USS Seawolf Completes Sea Trials
The attack submarine USS Seawolf (SSN 21) returned to its homeport of Naval Base Kitsap April 3, after successful sea trials, capping a major maintenance period which lasted more than two years.
“Seawolf has worked hard to return to the fleet, and we are glad to be back at the tip of the spear,” said Cmdr. Dan Packer, Seawolf’s commanding officer.
For the past 31 months, Seawolf has been at Puget Sound Naval Shipyard and Intermediate Maintenance Facility (PSNS & IMF), where it underwent a $280 million maintenance package as part of a Depot Modernization Period.
PSNS & IMF has handled all intermediate and depot-level maintenance for Seawolf-class submarines since 2008.
“The Seawolf Depot Modernization Period was very challenging for the shipyard, as this was a first-time major availability for this unique submarine,” said Greg Wolfe, Seawolf’s project superintendent. “An incredibly talented shipyard management team and seamless teamwork with the ship guaranteed our success through the maintenance period.”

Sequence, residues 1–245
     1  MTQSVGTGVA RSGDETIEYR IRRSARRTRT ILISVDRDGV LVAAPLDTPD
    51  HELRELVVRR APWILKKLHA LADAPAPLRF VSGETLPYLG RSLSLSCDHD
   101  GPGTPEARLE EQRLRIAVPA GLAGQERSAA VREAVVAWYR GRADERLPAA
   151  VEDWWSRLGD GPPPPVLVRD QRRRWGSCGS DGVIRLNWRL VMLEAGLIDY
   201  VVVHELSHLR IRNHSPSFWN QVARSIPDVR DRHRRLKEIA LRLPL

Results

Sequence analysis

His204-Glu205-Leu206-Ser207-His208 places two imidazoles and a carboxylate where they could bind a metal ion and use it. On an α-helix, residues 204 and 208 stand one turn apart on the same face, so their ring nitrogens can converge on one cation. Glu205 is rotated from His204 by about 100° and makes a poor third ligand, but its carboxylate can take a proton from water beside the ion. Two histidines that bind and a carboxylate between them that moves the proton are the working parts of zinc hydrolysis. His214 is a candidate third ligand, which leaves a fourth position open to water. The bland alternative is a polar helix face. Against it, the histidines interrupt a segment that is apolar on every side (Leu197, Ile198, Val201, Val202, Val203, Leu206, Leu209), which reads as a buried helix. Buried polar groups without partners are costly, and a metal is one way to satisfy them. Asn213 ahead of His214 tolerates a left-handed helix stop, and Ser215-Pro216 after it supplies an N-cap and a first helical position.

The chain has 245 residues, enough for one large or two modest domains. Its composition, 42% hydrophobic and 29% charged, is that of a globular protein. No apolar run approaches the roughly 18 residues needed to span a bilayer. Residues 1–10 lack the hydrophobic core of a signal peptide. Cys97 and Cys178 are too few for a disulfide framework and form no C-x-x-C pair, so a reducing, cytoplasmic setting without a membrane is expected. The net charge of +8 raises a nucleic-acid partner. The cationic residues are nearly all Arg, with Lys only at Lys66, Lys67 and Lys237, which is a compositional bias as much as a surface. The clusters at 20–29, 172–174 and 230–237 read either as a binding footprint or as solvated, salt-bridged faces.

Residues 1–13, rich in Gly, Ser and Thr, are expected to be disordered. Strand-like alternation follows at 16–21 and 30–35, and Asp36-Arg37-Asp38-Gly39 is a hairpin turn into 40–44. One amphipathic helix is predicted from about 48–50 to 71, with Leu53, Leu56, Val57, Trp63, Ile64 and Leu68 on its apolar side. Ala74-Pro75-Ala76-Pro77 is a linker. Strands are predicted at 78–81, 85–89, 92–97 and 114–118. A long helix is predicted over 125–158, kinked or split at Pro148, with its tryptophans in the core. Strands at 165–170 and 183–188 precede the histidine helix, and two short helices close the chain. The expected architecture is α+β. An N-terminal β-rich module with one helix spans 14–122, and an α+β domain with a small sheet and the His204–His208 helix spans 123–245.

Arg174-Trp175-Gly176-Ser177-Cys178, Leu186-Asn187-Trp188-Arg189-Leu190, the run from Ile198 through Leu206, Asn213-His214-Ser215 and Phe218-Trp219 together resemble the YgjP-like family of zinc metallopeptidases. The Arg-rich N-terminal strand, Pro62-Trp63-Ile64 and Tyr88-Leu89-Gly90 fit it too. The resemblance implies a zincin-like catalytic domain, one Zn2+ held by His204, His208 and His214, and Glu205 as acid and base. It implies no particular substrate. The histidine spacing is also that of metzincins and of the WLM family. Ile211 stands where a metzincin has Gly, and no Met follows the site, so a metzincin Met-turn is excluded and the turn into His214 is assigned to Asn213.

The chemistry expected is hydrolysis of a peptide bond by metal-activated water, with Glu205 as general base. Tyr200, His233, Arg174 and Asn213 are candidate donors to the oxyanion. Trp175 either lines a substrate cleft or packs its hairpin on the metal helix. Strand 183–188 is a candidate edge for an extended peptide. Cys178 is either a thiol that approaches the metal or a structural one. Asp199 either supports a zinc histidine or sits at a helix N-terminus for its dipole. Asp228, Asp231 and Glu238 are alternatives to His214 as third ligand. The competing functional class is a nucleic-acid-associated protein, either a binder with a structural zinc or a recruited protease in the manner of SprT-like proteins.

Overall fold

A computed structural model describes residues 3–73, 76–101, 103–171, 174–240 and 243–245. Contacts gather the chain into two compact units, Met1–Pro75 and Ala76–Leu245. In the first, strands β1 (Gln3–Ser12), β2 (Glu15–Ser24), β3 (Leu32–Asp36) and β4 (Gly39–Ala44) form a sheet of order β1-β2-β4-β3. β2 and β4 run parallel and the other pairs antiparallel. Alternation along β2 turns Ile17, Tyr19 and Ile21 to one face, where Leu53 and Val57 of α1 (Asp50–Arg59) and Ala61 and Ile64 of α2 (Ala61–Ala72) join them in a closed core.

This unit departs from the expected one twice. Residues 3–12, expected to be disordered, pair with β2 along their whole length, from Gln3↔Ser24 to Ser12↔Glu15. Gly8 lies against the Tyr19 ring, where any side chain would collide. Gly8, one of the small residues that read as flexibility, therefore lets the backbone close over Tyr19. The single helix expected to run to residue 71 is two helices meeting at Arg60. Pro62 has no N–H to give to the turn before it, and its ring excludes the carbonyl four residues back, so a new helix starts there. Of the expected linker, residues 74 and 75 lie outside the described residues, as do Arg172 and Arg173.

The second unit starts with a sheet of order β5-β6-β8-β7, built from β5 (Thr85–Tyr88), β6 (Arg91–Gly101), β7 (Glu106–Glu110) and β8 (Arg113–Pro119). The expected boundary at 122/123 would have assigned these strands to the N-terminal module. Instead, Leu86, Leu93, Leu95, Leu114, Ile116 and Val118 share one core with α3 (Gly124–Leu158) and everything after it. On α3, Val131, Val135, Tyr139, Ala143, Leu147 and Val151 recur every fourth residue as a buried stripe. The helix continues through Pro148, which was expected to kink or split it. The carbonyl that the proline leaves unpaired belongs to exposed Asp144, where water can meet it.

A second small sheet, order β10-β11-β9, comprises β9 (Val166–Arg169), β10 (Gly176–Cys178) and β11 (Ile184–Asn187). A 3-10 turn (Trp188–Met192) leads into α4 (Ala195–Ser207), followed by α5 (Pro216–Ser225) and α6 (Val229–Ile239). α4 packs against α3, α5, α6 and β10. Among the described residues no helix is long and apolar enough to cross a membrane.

While underway for sea trials, Seawolf was put through her paces, testing all systems and verifying that the boat had been restored to full combat capability.
“The talent and professionalism this crew demonstrated in getting our ship underway is a testament to the hard work, training, and dedication of all hands during our maintenance period,” Packer said.
Seawolf’s next challenge includes a series of training and certification periods for improving the crew’s warfighting readiness.
“This crew is confident in their abilities and in the quality work Puget Sound Naval Shipyard and the Seawolf project management team accomplished over the last two years,” Packer said. “We are ecstatic to be at sea again, and Seawolf is even more capable and effective than at any time in her 15 years of service.”
Seawolf and the other two submarines in her class – USS Connecticut (SSN 22), also based in Bremerton, and USS Jimmy Carter (SSN 23), homeported at Naval Base Kitsap-Bangor – are the fastest, quietest, deepest diving, and most heavily armed fast attack submarines in the fleet.
Naval Today Staff , April 10, 2012; Image: navy